Sunrise 31: Ault Park (Cold Front Morning, Pre-Glacial Ohio River)
I had a busy weekend and wasn’t able to get to up to Ault Park for the last two mornings. It ended up being overcast and rainy all weekend anyway, and I was hoping that there would be a break in the clouds for this morning. As it turns out, the cold front that came through sometime last night was not messing around. After having a week of temperatures in the mid 80s, this morning’s low 50s was a surprise (I didn’t check the forecast last night). Welcome to Ohio!
On Saturday my friend Tom came down and we participated in the second annual Bikes + Brew pubcrawl through downtown and northern Kentucky. We met up with the group at the third stop (we had to bike downtown first, which took a bit of time!) and continued from Rockbottom Brewery to Keystone in Covington, KY -> Haufbrau House in Newport, KY -> Lackman Bar (OTR) -> Market Wines (OTR / Findlay Market) -> Neon’s Unplugged (OTR). It was a great time and I would definitely do it again. One memorable part of the entire trip was that crossing the JA Roebling Suspension Bridge on a bike, something I haven’t done yet, is downright scary. The grating is really wide, allowing you to see straight down to the river. The metal surface can cause your tires to slide around, and there is a slotted metal clasp at the center of the bridge, probably for expansion, that has gaps that were twice the width of my bike tires. Needless to say, getting to the other side of that bridge (we hadn’t even had our first beer yet!) was, at least for me, a bit stressful.
On the way back from the event, my left pedal shaft started to come loose again. This has started happening over the past couple of weeks so I carry a socket wrench just in case I need to tighten the bolt that keeps the crank shaft attached to the frame. What is happening is that all of these hills in Cincinnati are literally tearing apart my aluminum cranks! I talked to Brett @ Element Cycles and he told me that it is an unfortunate side effect of riding in a hilly area. Putting your entire weight on the cranks while grinding up hill ever so slowly eventually causes the tapered square hole in the crank to get rounded out, causing slipping and eventually lossening the nut off of the threading that holds the crank in place. After the final trip home, the aluminum has stripped far enough to warrant a replacement. While I wait for the crank arm to come in, I borrowed my neighbor’s mountain bike for the morning. It was a completely different ride from my road bike with tis huge knobby tires and low center of gravity. The most convenient thing was that the gear shifters are on the handlebars (like most bikes from the last 20 years), a convenience I have done without but suddenly found myself enjoying profusely. The bike rode great, albeit a bit slow, and provided some nice diversity to my morning ride.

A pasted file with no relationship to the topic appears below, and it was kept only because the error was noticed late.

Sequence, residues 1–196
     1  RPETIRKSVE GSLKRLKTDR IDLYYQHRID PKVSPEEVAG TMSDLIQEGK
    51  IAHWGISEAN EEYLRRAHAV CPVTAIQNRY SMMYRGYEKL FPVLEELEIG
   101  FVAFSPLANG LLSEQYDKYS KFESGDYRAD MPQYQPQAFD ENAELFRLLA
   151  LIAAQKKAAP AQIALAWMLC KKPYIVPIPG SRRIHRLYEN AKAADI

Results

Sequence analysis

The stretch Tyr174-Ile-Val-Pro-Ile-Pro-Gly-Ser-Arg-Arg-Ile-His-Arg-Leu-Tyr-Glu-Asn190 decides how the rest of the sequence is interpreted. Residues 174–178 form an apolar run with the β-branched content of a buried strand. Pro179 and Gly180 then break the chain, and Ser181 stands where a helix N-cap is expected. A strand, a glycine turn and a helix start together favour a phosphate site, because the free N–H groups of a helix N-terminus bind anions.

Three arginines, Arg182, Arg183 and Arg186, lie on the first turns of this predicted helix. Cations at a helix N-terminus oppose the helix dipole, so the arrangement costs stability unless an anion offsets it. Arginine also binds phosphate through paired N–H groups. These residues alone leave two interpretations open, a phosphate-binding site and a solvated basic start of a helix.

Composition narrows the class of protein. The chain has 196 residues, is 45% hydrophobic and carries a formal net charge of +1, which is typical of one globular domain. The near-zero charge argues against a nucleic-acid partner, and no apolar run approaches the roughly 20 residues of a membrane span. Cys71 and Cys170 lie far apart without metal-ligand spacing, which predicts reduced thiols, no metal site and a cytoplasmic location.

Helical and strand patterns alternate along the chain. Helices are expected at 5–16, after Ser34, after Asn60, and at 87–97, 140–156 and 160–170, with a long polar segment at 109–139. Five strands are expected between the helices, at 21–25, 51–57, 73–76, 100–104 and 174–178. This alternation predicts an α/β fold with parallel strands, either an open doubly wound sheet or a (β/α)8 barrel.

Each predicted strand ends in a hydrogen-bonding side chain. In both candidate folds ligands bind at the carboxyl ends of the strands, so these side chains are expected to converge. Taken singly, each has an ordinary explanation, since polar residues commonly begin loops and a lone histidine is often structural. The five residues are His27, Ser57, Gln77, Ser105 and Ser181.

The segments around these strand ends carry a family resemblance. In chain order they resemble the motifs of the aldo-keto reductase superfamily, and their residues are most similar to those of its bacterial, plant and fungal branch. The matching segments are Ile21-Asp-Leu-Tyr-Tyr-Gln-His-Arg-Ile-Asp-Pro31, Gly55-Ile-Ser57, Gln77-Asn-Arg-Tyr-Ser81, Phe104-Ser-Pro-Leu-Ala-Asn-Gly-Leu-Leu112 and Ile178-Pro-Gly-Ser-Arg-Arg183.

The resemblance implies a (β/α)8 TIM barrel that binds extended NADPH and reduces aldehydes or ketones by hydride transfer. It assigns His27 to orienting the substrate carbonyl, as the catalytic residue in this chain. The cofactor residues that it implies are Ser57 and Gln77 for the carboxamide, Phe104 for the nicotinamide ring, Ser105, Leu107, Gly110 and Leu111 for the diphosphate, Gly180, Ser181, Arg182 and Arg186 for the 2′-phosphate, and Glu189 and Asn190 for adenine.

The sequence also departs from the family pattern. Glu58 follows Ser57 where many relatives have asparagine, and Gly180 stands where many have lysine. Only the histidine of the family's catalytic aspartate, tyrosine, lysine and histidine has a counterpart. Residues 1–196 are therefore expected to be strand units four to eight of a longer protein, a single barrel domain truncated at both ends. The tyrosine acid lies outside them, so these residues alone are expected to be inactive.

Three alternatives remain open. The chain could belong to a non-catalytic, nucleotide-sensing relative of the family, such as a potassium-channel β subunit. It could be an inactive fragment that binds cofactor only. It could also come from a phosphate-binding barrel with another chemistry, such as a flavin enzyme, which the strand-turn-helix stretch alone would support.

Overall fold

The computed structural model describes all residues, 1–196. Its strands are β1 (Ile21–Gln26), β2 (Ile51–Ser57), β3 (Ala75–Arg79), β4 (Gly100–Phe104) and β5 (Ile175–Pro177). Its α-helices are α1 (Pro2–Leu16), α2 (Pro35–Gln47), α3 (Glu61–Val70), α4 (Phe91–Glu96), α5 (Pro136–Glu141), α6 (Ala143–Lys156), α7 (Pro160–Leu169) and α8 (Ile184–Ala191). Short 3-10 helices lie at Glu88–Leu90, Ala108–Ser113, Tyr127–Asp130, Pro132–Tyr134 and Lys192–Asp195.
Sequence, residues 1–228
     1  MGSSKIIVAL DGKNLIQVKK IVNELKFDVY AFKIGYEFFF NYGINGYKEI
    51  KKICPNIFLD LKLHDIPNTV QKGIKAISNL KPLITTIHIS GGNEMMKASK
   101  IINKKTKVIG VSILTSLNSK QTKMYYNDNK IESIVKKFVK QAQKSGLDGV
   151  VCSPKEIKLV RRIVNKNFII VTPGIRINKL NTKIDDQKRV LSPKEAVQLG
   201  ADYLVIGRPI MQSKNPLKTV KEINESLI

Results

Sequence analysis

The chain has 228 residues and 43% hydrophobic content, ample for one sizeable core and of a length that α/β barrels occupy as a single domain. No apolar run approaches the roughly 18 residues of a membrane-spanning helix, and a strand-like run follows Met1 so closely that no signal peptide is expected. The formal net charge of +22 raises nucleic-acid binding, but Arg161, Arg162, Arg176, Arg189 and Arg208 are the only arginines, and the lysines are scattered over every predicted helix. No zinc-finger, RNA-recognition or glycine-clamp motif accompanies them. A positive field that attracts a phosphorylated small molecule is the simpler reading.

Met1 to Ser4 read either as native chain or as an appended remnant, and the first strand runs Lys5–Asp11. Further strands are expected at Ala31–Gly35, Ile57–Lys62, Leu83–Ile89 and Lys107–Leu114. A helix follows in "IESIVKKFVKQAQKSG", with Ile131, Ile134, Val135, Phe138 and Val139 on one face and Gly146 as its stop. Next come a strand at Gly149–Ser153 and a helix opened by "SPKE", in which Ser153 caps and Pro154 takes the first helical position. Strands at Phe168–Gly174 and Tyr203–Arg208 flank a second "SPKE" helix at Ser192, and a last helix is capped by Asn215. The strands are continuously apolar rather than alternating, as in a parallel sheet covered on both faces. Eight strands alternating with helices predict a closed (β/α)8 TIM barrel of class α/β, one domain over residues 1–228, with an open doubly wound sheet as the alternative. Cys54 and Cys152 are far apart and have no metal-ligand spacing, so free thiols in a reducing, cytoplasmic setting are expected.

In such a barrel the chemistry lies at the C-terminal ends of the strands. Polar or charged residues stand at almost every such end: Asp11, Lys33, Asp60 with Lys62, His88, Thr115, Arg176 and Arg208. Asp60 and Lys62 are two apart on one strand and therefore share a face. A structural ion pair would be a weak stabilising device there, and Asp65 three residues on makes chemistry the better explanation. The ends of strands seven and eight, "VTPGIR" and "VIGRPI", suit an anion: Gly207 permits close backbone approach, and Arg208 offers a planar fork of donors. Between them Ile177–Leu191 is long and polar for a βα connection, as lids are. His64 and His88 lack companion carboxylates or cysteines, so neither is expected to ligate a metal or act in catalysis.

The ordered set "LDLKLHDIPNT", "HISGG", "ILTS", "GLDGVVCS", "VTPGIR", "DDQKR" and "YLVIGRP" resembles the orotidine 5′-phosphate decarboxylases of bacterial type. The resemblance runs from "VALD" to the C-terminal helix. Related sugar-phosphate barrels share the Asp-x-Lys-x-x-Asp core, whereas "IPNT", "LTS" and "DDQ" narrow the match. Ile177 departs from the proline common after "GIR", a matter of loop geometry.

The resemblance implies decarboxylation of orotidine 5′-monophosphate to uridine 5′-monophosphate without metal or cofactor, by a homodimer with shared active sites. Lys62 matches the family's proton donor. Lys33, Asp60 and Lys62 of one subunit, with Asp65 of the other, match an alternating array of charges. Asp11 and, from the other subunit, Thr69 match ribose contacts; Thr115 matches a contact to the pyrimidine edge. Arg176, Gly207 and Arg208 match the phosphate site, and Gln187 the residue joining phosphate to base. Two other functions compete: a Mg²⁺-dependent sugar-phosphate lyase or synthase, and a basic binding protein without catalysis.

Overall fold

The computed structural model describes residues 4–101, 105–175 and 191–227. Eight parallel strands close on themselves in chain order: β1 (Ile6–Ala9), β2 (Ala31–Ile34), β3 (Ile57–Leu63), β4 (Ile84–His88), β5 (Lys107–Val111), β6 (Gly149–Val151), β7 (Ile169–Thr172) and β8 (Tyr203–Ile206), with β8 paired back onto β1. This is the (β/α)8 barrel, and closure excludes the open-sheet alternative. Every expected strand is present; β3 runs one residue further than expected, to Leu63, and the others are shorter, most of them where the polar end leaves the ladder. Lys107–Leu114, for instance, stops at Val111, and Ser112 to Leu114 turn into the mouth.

The sunrise was, as you’d expect in a dull overcast morning after a cold front, gray and non-existent. With the air being a cool 50 degrees (F) it wasn’t even all that pleasant just sitting at the overlook listening to the birds! Part of it probably had to do with the fact that I wasn’t able to get out to the park over the weekend, so my routine is a bit off on this Monday morning.